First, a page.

This rare 5-string Broadcaster was made in England c.1935. The resonator is mounted with five wood screws and easily removed. I have played it open-back since buying from Jake Wildwood, a professional repair and restoration guy, in 2012. It is very sweet and solid. With a mahogany neck, oak rim, hoop metal tone ring, and skin head, the tone is strong and balanced.
Wildwood describes the work he did (dowel re-glue, fret level and dress, etc.) and gives extensive descriptive comments in his 2012 post: jakewildwood.blogspot.com/2012...olin.html . See that for many more details and photos.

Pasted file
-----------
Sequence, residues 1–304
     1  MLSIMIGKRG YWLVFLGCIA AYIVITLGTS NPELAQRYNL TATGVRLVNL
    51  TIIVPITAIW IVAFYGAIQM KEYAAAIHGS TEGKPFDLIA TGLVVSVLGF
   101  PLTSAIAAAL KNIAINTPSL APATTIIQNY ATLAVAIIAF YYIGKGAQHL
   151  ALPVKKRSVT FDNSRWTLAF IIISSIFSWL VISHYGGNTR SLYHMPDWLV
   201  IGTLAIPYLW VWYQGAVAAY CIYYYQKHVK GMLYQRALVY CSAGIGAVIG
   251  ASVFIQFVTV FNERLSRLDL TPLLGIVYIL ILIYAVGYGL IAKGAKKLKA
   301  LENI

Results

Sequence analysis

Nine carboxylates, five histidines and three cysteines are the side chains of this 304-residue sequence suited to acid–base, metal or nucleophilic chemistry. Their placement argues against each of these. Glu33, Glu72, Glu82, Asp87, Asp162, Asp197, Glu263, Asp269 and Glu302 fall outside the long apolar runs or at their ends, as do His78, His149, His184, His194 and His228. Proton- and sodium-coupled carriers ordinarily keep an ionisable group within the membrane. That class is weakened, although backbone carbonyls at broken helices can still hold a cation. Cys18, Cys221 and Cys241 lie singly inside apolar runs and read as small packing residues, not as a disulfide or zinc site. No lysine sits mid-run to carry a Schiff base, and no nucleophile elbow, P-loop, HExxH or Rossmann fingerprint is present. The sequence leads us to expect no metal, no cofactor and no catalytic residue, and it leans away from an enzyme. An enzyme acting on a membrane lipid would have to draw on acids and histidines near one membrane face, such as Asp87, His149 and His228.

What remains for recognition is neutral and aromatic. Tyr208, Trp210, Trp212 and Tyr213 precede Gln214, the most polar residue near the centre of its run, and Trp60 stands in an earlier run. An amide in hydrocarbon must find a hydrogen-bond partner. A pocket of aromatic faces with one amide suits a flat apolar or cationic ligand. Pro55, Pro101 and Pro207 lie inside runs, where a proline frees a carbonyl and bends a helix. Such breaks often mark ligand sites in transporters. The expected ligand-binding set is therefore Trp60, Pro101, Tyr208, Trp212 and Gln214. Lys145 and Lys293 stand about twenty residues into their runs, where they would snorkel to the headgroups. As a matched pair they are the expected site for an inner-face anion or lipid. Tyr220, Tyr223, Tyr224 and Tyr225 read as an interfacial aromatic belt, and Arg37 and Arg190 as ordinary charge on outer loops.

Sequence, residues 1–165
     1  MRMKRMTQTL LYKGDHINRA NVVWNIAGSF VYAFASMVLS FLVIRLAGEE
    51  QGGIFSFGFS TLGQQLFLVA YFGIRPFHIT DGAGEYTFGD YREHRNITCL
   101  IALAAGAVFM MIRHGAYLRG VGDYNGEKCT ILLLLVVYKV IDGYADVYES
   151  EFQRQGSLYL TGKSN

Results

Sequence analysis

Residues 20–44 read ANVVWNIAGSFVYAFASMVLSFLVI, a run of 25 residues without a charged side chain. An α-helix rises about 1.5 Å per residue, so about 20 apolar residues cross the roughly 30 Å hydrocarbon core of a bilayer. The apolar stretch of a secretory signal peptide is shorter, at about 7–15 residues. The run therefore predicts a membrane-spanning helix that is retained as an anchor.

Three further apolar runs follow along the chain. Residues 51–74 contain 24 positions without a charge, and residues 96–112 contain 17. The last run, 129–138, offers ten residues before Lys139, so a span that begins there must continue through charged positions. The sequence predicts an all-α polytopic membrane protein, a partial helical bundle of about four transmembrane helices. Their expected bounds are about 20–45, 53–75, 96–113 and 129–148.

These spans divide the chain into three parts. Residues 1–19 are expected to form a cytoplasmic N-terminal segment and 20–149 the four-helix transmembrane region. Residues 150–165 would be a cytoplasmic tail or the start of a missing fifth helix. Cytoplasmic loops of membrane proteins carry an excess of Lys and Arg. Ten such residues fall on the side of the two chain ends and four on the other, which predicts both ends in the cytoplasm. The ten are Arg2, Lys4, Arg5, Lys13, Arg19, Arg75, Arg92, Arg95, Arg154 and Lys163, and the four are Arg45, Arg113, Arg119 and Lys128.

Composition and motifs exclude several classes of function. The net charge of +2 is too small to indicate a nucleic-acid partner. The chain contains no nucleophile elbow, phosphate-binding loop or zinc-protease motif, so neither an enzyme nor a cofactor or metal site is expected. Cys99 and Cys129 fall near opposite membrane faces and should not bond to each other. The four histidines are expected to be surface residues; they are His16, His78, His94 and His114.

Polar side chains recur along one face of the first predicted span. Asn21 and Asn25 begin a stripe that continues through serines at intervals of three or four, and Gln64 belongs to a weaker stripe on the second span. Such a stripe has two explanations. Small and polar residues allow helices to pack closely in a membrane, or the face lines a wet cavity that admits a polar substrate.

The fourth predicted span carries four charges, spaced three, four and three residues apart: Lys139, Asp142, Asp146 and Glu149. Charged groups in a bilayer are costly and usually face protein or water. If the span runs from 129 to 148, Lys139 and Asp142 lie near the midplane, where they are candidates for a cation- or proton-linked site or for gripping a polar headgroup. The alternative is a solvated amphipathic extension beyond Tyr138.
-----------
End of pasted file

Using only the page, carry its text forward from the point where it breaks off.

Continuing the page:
The resonator does what they're supposed to do. Relative to open back, the highest overtones are stronger. This is heard in the timber and in the sharpness of the attack. The projection is more directional. But obviously, it's not a Mastertone sound.
The basic specs: 4 lb 9 oz as open-back; 5 lb 12 oz with resonator. 25 1/2" scale; 10 1/2" head; 1 1/4" width at nut. 22 frets; with the current 5/8" bridge, 0.050" to 0.060" action at the 12th fret.
The visually remarkable yellow stuff is known variously as nacrolaque, pearloid, or MOTS.
The included hard-shell case is almost certainly original. Does the job but wouldn't mind cosmetic attention.
The manufacturer was J. & A. Margolin of London, and it was first retailed in India. (That company store still has a store in New Delhi.)